Scaling down from the level of the urban whole, we selected the Municipality of Stari grad in Belgrade and one of its areas—Kosančićev venac. Strategic positions and the historical and cultural importance of these spatial units allow the direct connection of the city center with rivers. Aiming to strengthen this connection, celebrate rivers as public spaces, and improve the general quality of urban spaces, we have implemented a few projects using public art as our strategy years ago. We included, in this research, three of these projects as relevant for the plural city conception, making these two spatial units an integral part of this research. Alongside lasting diversity and heterogeneity in both urban matrix and social tissue, the selection criteria for the cases were the scale and period of implementation that makes it possible to discuss the effects at a distance. The description of urban context is relative to the period of projects realization—the beginning of the 2000s.

Projects Step towards River (2003) and Belgrade Boat Carnival (2004) are consecutive projects presented as cases for XL and M levels. The Study of development of public spaces in the municipality of Stari Grad (2008) was used in the description of L, S and XS levels.

Projects step towards River (2003) and Belgrade Boat Carnival (2004)

Located at the confluence of two international, navigable rivers—the Danube and the Sava—Belgrade is situated at the top of the hill, above the flat land of the Pannonia Plain, on the north border of the Balkan Peninsula. Danube and Sava, the two biggest water boulevards, define the unique structure of the city of Belgrade by separating its territory into three units and integrating the whole city structure around centrally located "Great War Island"—Belgrade's green, natural oasis (see Fig. 1).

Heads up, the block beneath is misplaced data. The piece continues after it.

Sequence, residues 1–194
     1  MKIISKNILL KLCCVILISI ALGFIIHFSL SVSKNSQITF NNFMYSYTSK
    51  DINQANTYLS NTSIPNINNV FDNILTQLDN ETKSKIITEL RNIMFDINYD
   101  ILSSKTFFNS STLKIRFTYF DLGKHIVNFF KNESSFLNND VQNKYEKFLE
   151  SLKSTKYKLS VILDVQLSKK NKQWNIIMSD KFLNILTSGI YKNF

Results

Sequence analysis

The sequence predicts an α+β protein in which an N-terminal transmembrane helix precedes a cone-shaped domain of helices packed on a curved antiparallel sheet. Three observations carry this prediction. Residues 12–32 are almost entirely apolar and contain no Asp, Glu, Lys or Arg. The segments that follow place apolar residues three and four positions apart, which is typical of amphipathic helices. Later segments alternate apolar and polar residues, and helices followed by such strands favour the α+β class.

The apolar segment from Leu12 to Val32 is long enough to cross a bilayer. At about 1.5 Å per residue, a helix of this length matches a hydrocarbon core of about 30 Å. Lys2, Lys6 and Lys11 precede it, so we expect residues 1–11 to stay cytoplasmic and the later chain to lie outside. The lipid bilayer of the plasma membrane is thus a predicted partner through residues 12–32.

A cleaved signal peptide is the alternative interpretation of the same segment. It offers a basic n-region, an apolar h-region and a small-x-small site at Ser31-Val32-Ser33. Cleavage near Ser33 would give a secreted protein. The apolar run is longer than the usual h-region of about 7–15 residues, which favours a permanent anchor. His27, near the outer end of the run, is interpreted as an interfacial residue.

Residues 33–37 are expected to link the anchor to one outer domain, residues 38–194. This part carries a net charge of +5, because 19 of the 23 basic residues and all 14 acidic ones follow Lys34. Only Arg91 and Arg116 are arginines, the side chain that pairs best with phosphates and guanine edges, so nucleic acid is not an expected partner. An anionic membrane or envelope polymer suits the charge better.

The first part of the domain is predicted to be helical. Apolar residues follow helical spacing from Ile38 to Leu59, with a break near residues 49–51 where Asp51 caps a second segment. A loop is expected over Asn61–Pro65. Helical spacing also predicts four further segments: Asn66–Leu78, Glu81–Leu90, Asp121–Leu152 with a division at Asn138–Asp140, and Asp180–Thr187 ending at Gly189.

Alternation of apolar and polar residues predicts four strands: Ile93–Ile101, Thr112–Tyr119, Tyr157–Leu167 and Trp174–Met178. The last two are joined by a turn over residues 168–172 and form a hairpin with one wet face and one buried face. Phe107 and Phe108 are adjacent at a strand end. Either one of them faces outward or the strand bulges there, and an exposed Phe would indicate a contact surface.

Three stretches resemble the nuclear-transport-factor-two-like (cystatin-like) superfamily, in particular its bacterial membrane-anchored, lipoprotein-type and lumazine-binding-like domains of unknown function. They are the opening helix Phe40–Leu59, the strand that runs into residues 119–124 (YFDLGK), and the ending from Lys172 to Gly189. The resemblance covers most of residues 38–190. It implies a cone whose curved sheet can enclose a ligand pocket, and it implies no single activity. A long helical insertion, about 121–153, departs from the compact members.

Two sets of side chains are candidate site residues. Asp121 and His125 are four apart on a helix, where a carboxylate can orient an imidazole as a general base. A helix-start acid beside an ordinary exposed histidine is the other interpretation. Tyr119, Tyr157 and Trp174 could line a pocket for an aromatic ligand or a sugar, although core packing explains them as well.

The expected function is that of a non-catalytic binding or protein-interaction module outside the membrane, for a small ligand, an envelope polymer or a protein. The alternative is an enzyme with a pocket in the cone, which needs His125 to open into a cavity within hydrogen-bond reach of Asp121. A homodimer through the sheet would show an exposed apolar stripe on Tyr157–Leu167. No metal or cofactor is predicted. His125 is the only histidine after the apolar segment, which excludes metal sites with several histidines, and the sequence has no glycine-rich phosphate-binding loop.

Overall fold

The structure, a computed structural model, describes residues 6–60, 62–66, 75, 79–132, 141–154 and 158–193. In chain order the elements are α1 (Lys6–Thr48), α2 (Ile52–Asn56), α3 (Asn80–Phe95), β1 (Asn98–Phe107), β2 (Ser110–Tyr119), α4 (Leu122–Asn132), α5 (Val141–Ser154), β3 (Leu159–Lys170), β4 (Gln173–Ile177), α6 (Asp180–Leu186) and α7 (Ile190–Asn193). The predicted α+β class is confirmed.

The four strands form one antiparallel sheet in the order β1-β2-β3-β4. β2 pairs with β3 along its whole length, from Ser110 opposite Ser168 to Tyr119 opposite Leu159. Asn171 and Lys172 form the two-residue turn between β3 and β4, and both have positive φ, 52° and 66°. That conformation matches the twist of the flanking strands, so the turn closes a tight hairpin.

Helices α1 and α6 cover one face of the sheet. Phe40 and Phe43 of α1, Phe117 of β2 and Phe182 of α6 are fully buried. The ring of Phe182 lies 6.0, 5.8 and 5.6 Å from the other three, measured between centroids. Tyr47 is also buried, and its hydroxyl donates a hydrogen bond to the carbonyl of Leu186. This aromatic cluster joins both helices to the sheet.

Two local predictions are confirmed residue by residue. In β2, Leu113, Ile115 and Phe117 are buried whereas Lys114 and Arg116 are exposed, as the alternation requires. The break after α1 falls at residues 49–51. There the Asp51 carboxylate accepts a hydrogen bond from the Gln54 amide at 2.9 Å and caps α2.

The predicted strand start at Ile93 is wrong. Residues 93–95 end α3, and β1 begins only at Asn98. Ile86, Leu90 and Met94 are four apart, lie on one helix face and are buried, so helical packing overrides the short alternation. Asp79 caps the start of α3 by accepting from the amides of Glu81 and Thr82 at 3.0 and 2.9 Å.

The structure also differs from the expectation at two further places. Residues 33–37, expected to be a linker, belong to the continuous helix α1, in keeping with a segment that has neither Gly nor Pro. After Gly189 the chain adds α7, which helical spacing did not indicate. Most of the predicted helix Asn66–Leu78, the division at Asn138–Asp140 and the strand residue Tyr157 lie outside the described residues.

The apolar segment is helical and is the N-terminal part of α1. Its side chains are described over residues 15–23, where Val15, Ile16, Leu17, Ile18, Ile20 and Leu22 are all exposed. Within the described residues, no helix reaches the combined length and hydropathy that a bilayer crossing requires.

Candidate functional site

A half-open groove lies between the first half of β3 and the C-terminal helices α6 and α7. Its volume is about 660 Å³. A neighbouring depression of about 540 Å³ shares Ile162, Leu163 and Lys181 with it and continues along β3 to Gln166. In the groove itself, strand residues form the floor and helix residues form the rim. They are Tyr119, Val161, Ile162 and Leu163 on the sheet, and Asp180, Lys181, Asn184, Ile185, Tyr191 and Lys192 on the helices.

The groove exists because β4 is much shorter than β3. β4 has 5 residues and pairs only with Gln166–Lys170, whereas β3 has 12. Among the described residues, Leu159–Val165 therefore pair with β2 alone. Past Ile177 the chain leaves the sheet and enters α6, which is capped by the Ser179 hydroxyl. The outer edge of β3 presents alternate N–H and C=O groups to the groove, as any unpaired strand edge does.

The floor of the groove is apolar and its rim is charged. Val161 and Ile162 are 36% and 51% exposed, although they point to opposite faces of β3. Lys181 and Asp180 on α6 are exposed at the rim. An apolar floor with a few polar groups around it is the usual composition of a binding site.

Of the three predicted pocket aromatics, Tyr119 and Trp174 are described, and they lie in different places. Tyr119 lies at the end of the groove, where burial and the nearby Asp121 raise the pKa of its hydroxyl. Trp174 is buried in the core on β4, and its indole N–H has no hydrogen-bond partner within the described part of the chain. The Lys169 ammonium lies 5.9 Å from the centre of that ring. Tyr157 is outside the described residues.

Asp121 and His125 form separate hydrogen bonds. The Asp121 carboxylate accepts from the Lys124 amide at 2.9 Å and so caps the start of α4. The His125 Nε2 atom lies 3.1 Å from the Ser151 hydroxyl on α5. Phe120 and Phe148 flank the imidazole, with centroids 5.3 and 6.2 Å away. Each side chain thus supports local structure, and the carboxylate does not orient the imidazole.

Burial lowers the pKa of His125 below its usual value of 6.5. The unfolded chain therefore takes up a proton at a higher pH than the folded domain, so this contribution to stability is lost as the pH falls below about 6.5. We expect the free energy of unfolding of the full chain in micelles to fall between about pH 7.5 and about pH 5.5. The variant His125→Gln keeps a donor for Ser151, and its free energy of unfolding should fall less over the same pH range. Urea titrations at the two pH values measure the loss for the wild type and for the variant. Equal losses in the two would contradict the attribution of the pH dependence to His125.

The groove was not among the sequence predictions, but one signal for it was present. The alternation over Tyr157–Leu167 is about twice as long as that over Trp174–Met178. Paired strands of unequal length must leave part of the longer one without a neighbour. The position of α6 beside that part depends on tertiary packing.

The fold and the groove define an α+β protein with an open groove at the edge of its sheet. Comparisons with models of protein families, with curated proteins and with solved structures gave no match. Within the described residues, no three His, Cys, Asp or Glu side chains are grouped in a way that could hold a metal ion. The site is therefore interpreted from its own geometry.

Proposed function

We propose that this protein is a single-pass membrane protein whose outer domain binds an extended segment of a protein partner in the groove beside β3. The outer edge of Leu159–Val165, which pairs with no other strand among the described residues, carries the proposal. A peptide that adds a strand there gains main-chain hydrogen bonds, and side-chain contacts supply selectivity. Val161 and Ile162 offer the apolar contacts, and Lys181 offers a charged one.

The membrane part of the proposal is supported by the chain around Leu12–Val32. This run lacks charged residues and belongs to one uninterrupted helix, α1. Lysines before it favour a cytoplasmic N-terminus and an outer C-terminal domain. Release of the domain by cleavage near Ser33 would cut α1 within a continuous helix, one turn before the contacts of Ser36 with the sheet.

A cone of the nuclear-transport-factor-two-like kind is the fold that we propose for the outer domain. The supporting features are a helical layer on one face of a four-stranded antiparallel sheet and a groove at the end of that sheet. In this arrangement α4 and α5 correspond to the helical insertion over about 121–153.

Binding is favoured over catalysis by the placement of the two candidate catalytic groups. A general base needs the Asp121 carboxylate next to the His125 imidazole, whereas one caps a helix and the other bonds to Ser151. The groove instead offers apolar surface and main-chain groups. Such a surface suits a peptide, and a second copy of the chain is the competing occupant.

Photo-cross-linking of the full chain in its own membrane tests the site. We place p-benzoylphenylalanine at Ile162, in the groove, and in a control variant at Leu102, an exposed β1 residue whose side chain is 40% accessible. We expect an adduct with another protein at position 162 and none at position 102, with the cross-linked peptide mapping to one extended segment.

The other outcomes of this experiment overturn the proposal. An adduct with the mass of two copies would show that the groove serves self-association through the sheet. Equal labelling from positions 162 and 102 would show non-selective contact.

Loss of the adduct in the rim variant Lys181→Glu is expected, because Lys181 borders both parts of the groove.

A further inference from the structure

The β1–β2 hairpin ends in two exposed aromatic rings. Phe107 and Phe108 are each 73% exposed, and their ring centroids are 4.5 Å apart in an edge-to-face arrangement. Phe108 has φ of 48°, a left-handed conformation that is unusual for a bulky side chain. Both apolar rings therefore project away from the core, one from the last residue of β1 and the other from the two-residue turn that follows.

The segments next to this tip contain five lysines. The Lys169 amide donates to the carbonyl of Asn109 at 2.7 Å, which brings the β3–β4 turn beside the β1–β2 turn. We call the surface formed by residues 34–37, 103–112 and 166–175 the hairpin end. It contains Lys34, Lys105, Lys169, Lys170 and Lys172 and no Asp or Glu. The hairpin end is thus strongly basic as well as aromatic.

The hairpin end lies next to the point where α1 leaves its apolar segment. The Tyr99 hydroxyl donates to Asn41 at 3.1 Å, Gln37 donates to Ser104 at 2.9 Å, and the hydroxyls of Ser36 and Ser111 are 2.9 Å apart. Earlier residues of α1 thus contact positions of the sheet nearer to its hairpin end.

Situated between the three visible stone-based parts of the city, there is another invisible, fragile and liquid one—the aquatic Belgrade. Unfortunately, the fourth Belgrade still does not exist in official planning documentation despite its predispositions to be recognized as a space of public life—inhabitants of Belgrade traditionally live on and with rivers. Since establishing the PaPs program, we have worked to make rivers more visible and officially recognized as public spaces. In particular, the projects Step towards River and Belgrade Boat Carnival demonstrate these intentions in areas of the Sava River and its Riverfront—Municipality of Stari grad.

Stari Grad is the central, oldest and most significant municipality of Belgrade. It gathers principal natural and cultural values, faces both Sava and Danube rivers and Big War Island. It has strong symbolic meaning, and various cultural influences, which shape the urban tissue. At the same time, Stari Grad is a place of high contrasts and hidden potentials. It is rich in public spaces of different types, including parks, squares, streets, pedestrian zones, riverbanks, etc. Unfortunately, a few public spaces are managed well, while others are misused.